July 2009 Pediatrics Medical Journal Article Finds Most Cases Involved Infants Less Than One Year Of Age
(Posted by Tom Lamb at DrugInjuryWatch.com)
The article "Cardiovascular Medication Errors in Children" was published in the July 2009 edition of the medical journal Pediatrics.
The authors of this article had two basic aims: (1) to describe pediatric cardiovascular medication errors; and, (2) to determine patients and medications with more-frequently reported and/or more-harmful errors.
For their research, the authors analyzed cardiovascular medication error reports from the US Pharmacopeia MEDMARX database from 2003–2004 for patients no older than 18 years of age.
From the Abstract for this July 2009 Pediatrics article we get their findings:
RESULTS: A total of 147 facilities submitted 821 reports with community hospitals predominating (70%). Mean patient age was 4 years (median: 0.9 years). The most common error locations were NICUs, general care units, PICUs, pediatric units, and inpatient pharmacies. Drug administration, particularly improper dosing, was implicated most commonly. Severity analysis showed 5% "near misses," 91% errors without harm, and 4% harmful errors, with no reported fatalities. A total of 893 medications were cited in 821 reports. Diuretics were cited most frequently, followed by antihypertensives, angiotensin inhibitors, β-adrenergic receptor blockers, digoxin, and calcium channel blockers. Calcium channel blockers, phosphodiesterase inhibitors, antiarrhythmics, and digoxin had the largest proportions of harmful events, although the values were not statistically significantly different from those for other drug classes. Infants <1 year of age accounted for 50% of reports. Proportions of harmful events did not differ according to age.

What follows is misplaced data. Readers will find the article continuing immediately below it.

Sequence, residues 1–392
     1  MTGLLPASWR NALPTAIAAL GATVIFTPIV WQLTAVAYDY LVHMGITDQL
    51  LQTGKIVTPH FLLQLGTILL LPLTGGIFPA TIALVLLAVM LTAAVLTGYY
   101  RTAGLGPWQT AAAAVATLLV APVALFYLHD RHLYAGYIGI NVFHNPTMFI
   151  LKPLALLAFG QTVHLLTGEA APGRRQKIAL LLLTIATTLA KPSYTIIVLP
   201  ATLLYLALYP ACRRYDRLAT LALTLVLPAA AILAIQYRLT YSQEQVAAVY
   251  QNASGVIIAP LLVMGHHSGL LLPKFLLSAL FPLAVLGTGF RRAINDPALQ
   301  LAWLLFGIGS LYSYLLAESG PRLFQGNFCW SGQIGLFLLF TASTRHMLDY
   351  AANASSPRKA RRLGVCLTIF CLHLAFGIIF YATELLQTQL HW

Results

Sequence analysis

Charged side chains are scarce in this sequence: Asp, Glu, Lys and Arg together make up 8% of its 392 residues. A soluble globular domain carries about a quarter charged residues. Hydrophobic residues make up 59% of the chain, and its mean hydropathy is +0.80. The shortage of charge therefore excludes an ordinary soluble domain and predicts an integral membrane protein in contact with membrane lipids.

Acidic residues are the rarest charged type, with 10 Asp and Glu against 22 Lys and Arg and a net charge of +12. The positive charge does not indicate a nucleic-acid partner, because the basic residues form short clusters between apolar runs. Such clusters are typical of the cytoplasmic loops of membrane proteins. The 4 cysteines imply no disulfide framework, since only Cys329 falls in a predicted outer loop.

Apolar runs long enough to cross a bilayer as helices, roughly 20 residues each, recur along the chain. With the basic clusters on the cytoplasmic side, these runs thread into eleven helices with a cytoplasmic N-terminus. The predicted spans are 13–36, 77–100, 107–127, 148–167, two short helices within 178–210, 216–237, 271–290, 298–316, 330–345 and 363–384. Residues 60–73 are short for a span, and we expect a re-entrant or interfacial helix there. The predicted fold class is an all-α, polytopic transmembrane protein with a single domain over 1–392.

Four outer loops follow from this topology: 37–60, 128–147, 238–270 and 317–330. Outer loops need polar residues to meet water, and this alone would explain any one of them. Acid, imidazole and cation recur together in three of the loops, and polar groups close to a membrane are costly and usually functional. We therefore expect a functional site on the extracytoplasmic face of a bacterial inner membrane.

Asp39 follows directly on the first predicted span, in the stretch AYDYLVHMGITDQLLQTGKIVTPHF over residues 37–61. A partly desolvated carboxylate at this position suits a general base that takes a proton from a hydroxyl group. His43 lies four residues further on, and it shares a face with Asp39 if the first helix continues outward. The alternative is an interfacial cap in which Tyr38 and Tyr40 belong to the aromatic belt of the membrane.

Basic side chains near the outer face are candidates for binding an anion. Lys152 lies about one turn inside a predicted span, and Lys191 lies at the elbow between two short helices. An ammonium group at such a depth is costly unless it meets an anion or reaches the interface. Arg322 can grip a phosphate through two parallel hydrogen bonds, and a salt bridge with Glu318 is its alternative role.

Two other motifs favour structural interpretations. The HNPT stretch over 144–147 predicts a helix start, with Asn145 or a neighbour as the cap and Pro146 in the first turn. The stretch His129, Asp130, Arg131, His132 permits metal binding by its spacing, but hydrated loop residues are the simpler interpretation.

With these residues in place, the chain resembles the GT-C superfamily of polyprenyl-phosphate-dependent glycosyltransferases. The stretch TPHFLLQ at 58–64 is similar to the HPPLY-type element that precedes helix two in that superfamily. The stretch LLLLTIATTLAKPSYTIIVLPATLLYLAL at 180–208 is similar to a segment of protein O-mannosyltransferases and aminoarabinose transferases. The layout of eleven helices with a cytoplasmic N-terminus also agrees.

It turned out that most of the errors found by these researchers were due to improper dosing during administration of a cardiovascular medication. Hopefully, as hospitals continue to improve their drug-delivery systems, this type of medical error will become less and less frequent in the future.
If this topic interests you, perhaps you want to take a look at our collection of past articles concerning various aspects of medication errors.